Seven ways MEP engineering can make your older building more efficient
MEP design engineering tips to live by
Below are seven strategies that you can use to make your older building more sustainable while also complementing and preserving the character and design of the structure.
1. Perform an energy audit
Before installing new equipment or making upgrades to enhance an older building’ sustainability level, owners and facility managers should first perform an energy audit to determine if existing systems are operating at optimum levels.
Leaks, clogged or dirty filters, disabled sensors, faulty or incorrect wiring, or a lack of knowledge on operating and maintaining equipment among the maintenance staff can lead to increased costs and inefficiency. MEP consulting engineers can identify opportunities for improvement in each of these areas, as well as in a building’s water systems, which can waste water and energy if they leak or operate inefficiently.
2. Retrofit windows
Windows play a major part in conveying the overall aesthetic appeal and character of an older building. They were often custom fit, and replacing them with new windows could require changing the size and shape of the opening. The installation of new windows also uses greater amounts of energy and resources, from materials used during production, to fuel used during transportation, to the disposal of old windows.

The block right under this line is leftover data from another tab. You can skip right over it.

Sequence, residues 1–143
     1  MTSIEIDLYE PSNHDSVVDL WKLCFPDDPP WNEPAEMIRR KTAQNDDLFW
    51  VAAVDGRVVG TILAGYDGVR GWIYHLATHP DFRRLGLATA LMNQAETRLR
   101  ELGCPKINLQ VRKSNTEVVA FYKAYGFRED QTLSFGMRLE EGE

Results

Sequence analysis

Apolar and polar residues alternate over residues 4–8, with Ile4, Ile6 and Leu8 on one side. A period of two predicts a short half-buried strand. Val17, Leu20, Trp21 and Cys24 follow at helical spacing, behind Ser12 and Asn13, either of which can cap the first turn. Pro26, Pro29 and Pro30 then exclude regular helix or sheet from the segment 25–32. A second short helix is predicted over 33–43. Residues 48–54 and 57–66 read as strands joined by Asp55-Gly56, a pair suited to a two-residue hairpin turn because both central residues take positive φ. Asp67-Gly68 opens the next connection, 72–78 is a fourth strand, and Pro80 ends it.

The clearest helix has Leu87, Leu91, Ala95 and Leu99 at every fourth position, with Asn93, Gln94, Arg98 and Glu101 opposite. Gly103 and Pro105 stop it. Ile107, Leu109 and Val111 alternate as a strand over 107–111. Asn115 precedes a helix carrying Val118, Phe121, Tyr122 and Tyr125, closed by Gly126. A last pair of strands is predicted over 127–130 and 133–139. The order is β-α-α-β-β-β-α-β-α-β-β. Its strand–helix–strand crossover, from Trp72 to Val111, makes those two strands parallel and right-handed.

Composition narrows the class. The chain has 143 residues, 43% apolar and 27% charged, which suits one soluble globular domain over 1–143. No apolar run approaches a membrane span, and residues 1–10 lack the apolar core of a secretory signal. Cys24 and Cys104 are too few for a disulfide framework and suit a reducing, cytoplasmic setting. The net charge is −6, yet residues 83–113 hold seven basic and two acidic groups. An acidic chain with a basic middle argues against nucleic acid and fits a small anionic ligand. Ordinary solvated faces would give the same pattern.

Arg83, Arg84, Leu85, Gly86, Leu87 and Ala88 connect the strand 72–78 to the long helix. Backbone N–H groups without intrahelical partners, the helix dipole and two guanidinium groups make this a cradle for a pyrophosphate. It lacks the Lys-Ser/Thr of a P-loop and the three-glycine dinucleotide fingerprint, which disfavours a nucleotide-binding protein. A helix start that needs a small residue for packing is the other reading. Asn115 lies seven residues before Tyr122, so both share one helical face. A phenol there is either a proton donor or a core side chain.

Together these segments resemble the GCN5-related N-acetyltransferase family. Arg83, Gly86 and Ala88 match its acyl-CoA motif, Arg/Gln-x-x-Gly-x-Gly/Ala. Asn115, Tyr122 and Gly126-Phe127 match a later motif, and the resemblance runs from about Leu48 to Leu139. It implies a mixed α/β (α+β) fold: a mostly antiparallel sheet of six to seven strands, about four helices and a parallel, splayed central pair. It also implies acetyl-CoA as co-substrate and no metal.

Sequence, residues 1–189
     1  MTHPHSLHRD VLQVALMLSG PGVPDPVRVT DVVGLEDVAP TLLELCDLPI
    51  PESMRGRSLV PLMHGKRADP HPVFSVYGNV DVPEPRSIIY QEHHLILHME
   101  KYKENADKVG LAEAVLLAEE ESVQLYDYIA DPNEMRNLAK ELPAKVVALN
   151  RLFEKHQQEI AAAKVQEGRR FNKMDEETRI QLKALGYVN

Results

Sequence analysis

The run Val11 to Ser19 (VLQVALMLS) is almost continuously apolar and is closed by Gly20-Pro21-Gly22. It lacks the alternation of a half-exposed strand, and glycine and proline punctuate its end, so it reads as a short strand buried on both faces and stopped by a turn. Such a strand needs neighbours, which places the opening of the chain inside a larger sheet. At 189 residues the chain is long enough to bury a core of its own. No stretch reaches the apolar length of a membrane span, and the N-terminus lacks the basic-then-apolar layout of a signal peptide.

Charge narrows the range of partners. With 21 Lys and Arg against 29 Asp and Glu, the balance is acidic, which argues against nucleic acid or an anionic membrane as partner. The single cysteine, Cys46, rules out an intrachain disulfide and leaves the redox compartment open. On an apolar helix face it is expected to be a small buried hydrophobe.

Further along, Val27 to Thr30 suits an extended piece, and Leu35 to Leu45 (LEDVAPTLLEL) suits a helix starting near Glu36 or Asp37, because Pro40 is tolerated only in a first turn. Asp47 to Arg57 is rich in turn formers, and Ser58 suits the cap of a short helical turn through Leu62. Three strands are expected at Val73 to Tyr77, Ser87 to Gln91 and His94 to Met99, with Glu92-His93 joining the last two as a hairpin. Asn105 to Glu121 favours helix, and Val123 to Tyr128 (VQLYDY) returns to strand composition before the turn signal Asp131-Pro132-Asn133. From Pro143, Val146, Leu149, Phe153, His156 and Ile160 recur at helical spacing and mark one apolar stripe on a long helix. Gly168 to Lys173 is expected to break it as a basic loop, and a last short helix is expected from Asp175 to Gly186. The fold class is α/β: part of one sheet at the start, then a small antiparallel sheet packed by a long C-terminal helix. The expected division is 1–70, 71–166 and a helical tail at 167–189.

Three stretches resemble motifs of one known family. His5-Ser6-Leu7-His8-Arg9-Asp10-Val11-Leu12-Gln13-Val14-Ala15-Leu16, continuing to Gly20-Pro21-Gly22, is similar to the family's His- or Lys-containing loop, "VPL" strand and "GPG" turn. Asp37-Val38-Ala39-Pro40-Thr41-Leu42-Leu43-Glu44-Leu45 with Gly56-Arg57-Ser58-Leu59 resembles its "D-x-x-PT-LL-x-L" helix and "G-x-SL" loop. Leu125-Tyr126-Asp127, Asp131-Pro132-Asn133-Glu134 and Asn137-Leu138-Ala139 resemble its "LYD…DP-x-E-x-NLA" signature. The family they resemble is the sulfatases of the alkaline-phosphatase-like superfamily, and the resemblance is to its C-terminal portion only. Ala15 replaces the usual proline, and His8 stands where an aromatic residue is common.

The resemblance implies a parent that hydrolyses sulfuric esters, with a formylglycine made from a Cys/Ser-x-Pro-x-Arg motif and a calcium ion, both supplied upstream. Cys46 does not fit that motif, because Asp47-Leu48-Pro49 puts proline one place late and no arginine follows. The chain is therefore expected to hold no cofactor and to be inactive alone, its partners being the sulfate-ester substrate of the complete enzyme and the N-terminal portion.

While all these factors make for a strong reason to keep your old, visually-appealing windows, chances are they aren’t functioning at a very eco-friendly level. Retrofits such as cellular shades, storm windows, and insulating shades can help stop any air leaks and improve a window’s energy performance. Adding weather stripping or caulking to drafty areas around your windows can also be a good first step to increased energy savings.
3. Reduce air leakage
In addition to windows, there are a number of other areas that can be responsible for air seeping into and out of an older building, which increases heating costs in the winter, cooling costs in the summer, and allows damaging moisture to collect inside your building. The tops and bottoms of exterior walls, open cracks at the bases of walls and around windows and doors, recessed lighting fixtures, and the intersection of walls and attics should all be sealed in order to curb air leakage and make your building more energy efficient.